New South Wales v Lepore; 6 Feb 2003

References: [2003] HCA 4, (2003) 212 CLR 511, (2003) 195 ALR 412, (2003) 77 ALJR 558, (2003) 24 Leg Rep 2
Links: Austlii
Coram: Gleeson CJ, Gaudron, Mchugh, Gummow, Kirby, Hayne and Callinan JJ
Ratio: Austlii (High Court of Australia) 1. Appeal allowed in part
2. Paragraph 2 of the order of the Court of Appeal of New South Wales made on 23 April 2001 set aside, and in its place, order that the judgment entered in the District Court on 16 April 1999 be wholly set aside and that there be a new trial.
3. Appellant to pay the costs of the appeal to this Court.
4. Costs of the new trial to abide its outcome.
Callian J (majority) said: ‘Education authorities do not owe to children for whose education they are responsible (absent relevant contractual provision to the contrary) a particular or unique non-delegable duty of care, in practical terms, giving rise to absolute liability. There is no doubt that the ordinary standard of care in the case of such authorities is a very high one. Their duties include the engagement of reliable, and carefully screened, properly trained employees, and the provision: of suitable premises; an adequate system for the monitoring of employees; and, I would think, because, regrettably, the incidence of sexual abuse seems to have been more common than had previously been thought, an efficient system for the prevention and detection of misconduct of that kind. In saying what I have, I do not intend to state comprehensively a catalogue of the duties to which the relationship of education authority and pupil may give rise. But I do agree with the Chief Justice that absent fault on the part of an education authority, it will not be personally liable in situations of the kind with which these cases are concerned’.
McHugh J. (minority: he alone would have found non-delegable duties in the particular circumstances) said: ‘a State education authority owes a duty to a pupil to take reasonable care to prevent harm to the pupil. The duty cannot be delegated. If, as is invariably the case, the State delegates the performance of the duty to a teacher, the State is liable if the teacher fails to take reasonable care to prevent harm to the pupil . . The duty arises on the enrolment of the child. It is not confined to school hours or to the commencement of the teachers’ hours of employment at the school. If the authority permits a pupil to be in the school grounds before the hours during which teachers are on duty, the authority will be liable if the pupil is injured through lack of reasonable supervision. In Geyer v Downs this Court held that the education authority was liable for injuries suffered by a pupil playing in the school grounds at about 8.45am although teachers at the school were not required to be on duty at that time . . The duty extends to protecting the pupil from the conduct of other pupils or strangers and from the pupil’s own conduct The measure of the duty is not that which could be expected of a careful parent.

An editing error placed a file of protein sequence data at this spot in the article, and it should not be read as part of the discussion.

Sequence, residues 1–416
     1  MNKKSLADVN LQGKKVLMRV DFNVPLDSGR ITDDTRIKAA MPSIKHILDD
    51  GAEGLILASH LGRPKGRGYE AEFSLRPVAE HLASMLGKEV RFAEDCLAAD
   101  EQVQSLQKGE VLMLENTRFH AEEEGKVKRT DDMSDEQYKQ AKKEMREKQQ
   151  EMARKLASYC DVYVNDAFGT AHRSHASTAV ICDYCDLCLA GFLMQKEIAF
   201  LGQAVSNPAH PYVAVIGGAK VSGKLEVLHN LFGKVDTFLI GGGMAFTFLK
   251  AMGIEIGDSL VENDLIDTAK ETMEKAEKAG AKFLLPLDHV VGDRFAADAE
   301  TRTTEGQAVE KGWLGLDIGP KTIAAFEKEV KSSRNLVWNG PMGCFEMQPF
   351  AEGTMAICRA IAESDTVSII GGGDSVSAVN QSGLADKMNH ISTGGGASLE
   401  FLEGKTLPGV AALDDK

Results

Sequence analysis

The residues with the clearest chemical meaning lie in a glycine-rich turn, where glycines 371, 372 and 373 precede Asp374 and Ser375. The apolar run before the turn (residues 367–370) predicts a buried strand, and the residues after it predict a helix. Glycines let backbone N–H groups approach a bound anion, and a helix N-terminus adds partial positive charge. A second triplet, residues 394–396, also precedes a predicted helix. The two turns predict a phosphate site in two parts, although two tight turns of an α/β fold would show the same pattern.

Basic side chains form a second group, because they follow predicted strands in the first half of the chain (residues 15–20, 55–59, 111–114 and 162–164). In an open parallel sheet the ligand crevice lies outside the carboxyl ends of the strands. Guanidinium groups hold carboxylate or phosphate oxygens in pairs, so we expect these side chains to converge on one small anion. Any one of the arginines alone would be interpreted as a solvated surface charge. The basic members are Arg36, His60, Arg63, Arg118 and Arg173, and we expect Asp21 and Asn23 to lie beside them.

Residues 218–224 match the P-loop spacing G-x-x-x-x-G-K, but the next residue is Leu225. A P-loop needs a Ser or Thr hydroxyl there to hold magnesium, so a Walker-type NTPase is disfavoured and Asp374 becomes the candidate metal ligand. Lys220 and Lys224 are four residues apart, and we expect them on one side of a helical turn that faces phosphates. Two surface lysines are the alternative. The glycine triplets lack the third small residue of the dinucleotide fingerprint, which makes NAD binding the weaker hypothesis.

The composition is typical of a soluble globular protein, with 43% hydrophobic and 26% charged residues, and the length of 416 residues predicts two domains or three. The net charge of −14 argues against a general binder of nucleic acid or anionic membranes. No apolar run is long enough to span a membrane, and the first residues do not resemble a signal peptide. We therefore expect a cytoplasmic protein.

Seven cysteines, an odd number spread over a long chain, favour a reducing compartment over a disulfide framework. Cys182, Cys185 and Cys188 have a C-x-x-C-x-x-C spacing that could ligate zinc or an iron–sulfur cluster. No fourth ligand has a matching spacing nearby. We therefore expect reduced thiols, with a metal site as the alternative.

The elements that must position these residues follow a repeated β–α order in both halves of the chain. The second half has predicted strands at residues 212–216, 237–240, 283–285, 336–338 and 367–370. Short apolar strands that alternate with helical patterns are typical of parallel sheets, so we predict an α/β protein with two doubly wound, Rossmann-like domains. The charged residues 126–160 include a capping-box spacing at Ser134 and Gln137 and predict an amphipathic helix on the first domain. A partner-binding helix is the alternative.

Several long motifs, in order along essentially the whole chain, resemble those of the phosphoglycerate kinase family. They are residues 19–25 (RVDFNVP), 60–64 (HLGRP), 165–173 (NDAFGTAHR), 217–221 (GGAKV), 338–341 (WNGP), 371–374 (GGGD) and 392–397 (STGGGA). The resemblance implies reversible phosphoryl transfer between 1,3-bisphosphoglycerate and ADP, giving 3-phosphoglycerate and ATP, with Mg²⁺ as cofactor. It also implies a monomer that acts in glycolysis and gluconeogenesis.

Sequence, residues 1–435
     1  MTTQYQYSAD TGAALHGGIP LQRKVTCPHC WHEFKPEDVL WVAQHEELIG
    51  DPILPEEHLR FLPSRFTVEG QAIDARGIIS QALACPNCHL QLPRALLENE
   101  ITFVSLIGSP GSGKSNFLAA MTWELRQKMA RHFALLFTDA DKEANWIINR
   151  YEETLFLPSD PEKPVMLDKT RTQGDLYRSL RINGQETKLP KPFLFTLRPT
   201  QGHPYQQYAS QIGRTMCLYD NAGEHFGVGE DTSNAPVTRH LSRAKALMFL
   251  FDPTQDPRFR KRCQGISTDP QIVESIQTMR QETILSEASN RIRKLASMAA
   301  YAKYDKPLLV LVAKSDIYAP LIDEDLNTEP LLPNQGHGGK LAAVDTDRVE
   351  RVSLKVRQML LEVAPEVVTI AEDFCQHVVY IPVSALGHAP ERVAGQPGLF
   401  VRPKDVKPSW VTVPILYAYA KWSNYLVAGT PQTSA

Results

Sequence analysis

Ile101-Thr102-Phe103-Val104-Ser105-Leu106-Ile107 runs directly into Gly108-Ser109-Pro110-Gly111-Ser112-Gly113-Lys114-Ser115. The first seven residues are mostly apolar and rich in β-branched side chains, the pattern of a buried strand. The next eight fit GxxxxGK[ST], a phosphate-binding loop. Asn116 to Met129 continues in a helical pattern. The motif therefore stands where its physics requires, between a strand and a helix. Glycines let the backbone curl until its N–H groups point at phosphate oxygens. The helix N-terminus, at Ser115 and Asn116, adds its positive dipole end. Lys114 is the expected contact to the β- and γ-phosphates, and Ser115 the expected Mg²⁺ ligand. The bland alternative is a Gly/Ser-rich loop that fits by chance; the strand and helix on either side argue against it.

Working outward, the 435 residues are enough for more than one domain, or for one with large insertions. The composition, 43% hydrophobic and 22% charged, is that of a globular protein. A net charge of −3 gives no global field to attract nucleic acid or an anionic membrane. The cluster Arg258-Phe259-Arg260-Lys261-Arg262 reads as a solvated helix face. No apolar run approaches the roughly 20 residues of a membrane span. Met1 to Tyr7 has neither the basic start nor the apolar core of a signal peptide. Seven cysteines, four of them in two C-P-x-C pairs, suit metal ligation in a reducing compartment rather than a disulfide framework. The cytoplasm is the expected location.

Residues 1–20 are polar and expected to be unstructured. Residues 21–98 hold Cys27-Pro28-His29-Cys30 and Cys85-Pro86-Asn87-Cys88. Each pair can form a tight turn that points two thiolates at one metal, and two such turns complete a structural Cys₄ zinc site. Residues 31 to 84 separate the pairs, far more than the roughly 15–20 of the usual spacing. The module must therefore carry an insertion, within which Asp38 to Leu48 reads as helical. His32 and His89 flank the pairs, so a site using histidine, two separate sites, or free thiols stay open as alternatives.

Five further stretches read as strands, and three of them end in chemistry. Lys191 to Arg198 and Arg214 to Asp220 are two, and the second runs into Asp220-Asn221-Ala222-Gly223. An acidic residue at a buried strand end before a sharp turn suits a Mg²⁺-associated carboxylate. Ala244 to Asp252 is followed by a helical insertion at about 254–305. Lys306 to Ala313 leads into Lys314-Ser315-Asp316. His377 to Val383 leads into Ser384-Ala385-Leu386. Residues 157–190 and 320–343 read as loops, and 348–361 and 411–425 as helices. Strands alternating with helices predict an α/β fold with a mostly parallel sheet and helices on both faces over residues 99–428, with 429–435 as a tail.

Murphy and Aickin JJ rejected the parent analogy in Geyer v Downs saying that it was unreal to apply that standard to ‘a schoolmaster who has the charge of a school with some 400 children, or of a master who takes a class of thirty or more children’.
This case is cited by:

  • Cited – Woodland -v- The Swimming Teachers’ Association and Others QBD (Bailii, [2011] EWHC 2631 (QB), [2012] PIQR P3, [2012] ELR 76)
    The court was asked as to the vicarious or other liability of a school where a pupil suffered injury at a swimming lesson with a non-employee during school time, and in particular whether it had a non-delegable duty to ensure the welfare of children . .

(This list may be incomplete)

Last Update: 30-Jun-16
Ref: 445625